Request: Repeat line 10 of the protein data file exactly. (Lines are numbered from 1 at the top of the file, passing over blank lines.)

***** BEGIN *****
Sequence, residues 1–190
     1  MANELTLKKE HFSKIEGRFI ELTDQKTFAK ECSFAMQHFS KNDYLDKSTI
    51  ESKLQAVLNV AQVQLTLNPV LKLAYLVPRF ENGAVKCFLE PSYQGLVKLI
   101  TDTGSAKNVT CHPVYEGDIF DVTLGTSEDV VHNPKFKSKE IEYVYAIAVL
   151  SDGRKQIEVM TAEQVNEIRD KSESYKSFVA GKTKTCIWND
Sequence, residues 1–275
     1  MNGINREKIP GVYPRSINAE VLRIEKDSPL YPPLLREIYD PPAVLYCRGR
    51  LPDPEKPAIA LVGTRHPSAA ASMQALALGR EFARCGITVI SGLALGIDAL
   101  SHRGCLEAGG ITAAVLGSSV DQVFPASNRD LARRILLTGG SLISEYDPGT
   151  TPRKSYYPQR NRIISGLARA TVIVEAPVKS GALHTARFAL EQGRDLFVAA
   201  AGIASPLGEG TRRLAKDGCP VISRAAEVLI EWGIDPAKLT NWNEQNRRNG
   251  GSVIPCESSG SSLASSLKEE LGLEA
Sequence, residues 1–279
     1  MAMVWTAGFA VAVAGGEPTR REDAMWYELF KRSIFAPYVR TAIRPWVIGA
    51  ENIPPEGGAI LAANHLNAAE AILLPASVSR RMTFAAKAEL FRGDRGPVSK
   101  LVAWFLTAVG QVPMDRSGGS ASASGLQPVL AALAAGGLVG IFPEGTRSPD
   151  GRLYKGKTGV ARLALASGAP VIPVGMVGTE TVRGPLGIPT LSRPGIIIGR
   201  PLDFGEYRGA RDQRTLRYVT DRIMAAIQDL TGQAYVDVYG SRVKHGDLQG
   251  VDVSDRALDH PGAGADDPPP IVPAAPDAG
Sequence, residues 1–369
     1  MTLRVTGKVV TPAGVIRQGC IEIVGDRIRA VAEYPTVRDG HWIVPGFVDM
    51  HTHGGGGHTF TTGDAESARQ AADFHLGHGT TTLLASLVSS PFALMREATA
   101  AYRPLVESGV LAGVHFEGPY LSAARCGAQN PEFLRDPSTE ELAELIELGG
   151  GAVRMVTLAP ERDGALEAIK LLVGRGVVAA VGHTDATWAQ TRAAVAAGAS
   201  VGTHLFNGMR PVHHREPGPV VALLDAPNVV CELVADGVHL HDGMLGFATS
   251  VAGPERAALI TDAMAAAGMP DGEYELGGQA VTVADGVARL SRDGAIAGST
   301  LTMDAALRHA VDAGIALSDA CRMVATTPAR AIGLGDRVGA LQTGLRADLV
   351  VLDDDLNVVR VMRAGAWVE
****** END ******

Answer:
   151  TPRKSYYPQR NRIISGLARA TVIVEAPVKS GALHTARFAL EQGRDLFVAA